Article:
How to Buy & Use PDF Patterns (ePatterns, eBooks)

on April 3 | in Sewing + Quilting Tips, Sewing Tutorials + Patterns | by | with 12 Comments

Benita from Bettsy Kingston is here today to walk you, step-by-step, through the purchase of PDF patterns (also known as ePatterns or eBooks). She tells you everything you need to know about PDF patterns so you can feel confident in your purchase, and tomorrow she’ll be back to show you how to print and assemble ePatterns. Benita joined us in the fall with her beautiful Baby Kimono Wrap Tutorial, and we’re thrilled to have her back today.

Today we’re offering 20% off all Bettsy Kingston PDF Patterns in the shop! Benita has a great variety of patterns, from the perfect project for a special little one (like this great Reversible Girls Jacket sized for 3-9 Years– there’s a smaller version too) to the Women’s Far Away Tunic (sizes 4-10 & sizes 12-18). Check out the full collection of patterns!

So you’re thinking of venturing into the world of ePatterns? If you are a bit daunted by ePatterns, you shouldn’t be. Once you’ve mastered some of the fundamentals there is a wonderful and inspiring world awaiting you. By far some of the greatest benefits of an ePattern are that you can print it as many times as you like and it stores on your computer for whenever you need it (leaving more space for fabric of course!).

Over the next couple of days I will lead you through an introduction to ePatterns. Today’s post is about what to consider before you purchase a pattern and why you should take the plunge.

For the Love of ePatterns
ePatterns can represent great value for your money, provide inspiration and give you access to boutique designers who couldn’t otherwise provide their work without access to a specialty printer. ePatterns are a new and growing option. ePatterns are sold in various ways:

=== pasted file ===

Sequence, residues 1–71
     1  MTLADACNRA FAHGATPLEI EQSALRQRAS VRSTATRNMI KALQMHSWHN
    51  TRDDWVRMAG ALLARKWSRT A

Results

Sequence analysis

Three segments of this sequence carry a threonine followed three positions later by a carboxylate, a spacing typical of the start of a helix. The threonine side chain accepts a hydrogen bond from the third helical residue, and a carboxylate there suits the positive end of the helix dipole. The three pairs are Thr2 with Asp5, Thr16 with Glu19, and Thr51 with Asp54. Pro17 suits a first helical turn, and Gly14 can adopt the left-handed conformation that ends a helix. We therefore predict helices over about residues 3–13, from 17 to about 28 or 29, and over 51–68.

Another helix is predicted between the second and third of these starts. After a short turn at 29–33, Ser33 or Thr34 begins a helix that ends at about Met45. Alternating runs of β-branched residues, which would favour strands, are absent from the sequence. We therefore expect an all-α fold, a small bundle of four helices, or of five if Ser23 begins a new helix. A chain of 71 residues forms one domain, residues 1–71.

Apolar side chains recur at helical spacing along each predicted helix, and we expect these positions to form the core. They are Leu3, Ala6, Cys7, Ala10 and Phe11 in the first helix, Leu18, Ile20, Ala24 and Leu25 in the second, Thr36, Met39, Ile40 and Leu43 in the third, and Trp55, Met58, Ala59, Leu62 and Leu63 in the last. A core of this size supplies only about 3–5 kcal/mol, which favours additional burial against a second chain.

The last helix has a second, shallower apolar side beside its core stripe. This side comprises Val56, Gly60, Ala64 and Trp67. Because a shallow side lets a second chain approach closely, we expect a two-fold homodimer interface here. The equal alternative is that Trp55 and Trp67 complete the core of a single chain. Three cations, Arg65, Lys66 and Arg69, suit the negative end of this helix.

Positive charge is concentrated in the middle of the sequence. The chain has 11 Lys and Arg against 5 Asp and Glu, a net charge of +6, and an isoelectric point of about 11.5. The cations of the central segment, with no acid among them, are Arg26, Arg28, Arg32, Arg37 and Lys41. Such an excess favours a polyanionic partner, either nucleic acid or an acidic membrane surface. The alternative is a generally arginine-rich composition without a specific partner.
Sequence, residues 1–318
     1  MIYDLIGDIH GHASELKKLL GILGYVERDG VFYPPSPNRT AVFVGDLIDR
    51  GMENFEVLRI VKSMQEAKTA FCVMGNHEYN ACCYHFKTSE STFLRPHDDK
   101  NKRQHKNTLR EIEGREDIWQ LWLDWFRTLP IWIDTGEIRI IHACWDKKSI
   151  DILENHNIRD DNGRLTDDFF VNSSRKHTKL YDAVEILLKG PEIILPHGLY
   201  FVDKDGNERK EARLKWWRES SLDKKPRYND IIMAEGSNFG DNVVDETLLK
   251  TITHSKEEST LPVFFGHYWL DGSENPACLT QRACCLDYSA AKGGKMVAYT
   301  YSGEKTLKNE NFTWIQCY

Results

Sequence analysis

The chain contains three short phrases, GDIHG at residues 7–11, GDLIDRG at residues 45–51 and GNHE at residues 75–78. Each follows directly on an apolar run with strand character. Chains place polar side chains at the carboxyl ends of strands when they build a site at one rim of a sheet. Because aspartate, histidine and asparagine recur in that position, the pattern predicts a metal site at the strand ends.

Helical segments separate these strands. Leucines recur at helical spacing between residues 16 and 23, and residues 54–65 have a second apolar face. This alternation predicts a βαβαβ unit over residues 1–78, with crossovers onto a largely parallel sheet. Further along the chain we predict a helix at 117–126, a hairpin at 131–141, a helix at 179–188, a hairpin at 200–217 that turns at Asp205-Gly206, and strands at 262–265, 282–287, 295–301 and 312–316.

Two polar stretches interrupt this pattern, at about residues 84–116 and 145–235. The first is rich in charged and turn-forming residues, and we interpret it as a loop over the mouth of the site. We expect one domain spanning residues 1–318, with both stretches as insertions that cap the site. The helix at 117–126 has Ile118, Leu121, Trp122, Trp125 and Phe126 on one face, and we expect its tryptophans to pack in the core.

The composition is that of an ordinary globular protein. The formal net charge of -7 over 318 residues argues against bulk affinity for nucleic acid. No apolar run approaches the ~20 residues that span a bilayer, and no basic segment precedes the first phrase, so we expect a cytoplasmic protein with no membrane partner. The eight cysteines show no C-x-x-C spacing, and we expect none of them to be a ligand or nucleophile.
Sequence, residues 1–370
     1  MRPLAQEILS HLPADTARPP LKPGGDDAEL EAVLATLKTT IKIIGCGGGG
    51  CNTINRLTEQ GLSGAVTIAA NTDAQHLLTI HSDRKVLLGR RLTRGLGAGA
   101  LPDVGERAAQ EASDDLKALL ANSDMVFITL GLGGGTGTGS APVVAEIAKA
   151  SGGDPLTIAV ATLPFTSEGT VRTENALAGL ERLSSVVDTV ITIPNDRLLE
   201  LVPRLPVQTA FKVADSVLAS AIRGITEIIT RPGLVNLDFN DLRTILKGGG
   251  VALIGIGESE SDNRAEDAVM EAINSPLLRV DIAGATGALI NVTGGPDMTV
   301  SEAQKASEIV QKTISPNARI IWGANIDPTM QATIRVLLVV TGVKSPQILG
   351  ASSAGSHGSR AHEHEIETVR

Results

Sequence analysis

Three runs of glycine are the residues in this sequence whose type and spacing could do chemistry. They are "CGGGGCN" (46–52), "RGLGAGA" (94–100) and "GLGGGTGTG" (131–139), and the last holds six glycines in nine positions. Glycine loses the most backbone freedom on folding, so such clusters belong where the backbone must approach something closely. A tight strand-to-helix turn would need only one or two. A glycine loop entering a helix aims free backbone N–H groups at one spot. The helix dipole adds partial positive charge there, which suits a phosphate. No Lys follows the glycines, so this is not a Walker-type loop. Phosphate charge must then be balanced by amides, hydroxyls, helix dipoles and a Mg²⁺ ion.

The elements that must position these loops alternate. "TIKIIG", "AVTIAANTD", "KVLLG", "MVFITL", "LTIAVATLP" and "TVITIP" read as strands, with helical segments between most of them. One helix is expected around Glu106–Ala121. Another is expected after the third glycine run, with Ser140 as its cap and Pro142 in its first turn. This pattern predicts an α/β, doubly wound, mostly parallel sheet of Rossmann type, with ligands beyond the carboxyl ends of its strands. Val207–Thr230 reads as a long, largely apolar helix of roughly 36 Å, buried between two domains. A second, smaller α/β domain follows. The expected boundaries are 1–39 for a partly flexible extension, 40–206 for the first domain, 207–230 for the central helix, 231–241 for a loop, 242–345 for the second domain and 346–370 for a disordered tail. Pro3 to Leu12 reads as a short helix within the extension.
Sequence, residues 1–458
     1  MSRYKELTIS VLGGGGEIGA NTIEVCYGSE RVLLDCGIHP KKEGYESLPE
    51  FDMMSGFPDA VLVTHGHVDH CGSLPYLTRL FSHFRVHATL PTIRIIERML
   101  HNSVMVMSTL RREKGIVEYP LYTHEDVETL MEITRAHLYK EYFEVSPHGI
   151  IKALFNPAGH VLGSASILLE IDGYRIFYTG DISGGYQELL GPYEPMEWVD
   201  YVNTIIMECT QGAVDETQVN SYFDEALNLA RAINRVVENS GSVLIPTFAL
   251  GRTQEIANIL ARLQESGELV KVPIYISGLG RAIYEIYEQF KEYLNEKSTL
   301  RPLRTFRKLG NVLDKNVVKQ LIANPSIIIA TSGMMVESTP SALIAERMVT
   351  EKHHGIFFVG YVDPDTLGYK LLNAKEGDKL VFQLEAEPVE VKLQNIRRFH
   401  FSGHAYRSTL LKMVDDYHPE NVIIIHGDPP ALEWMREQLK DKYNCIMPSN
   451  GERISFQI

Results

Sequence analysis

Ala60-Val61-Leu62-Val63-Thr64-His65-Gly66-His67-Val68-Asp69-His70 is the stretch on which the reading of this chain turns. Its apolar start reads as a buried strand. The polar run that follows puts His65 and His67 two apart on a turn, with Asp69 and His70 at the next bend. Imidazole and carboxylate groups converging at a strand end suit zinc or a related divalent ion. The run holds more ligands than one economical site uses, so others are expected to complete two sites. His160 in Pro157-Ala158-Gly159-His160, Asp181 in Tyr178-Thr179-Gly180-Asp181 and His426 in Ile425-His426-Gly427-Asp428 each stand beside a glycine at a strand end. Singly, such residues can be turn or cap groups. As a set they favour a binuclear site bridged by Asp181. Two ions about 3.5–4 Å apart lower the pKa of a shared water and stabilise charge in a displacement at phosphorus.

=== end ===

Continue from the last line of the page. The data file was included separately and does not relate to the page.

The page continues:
Format #1: Print at Home
ePatterns are often sold as a ‘jigsaw’ of images you put together yourself to produce a large pattern, sometimes called “Print at Home.”

The most common format is “Print at Home” ePatterns. The large pattern is chopped into pieces that can be printed on a standard printer and joined back together much like a jigsaw puzzle. These are the easiest way to receive the pattern but can be frustrating if you don’t understand the designer’s method of chopping up the pattern. Once you understand it, it’s usually very easy. I’ll devote some time to this tomorrow, but this Bettsy Kingston pattern above shows you what they may look like.

Format #2: Print at Copy Shop
ePatterns can also come as a full image that requires printing using large paper format, sometimes called “Print at Copy Shop.”

The “Print at Copy Shop” is the closest ePattern form to the traditional paper pattern. The designer or retailer will provide you an electronic file, usually a JPG or PDF image that can only be printed on large paper. You will need to take this file to your local copy shop (or ePrinter on the web) to print on a specialty large-format printer. It is an easy process, and the primary drawback is the price involved in printing the pattern at a print store.

Format #3: Instructions for Drafting a Pattern
The format may also be primarily instructions, possibly with a diagram on how to draft the pattern yourself.

In this type of pattern instructions are provided to recreate/draft the pattern at home. This is the most common form for simple patterns such as shoes or accessories (like bags). It is ideal for quilt and craft patterns.

It is also an older method of pattern retailing– before the age of pre-printed patterns that is! The instructions will provide you with a series of lines and curves you will draw on paper and, when combined, you create the pattern. When it comes to clothing, it’s great for people who can draft or understand basic pattern making and want to improve their skills. It can be the most time consuming if you haven’t ventured into drafting before.

What to Consider
When considering patterns, take the time to find out information on both the designer and the pattern itself. You should firstly understand what type of pattern from the list above you will receive, whether it is computer- or hand-drawn and what types of instructions come with the pattern.

Instructions can be a mix of both technical drawings, which are easier to understand, and photos for any technical or complex steps. My preference is for technical drawings as these are universally easy to understand.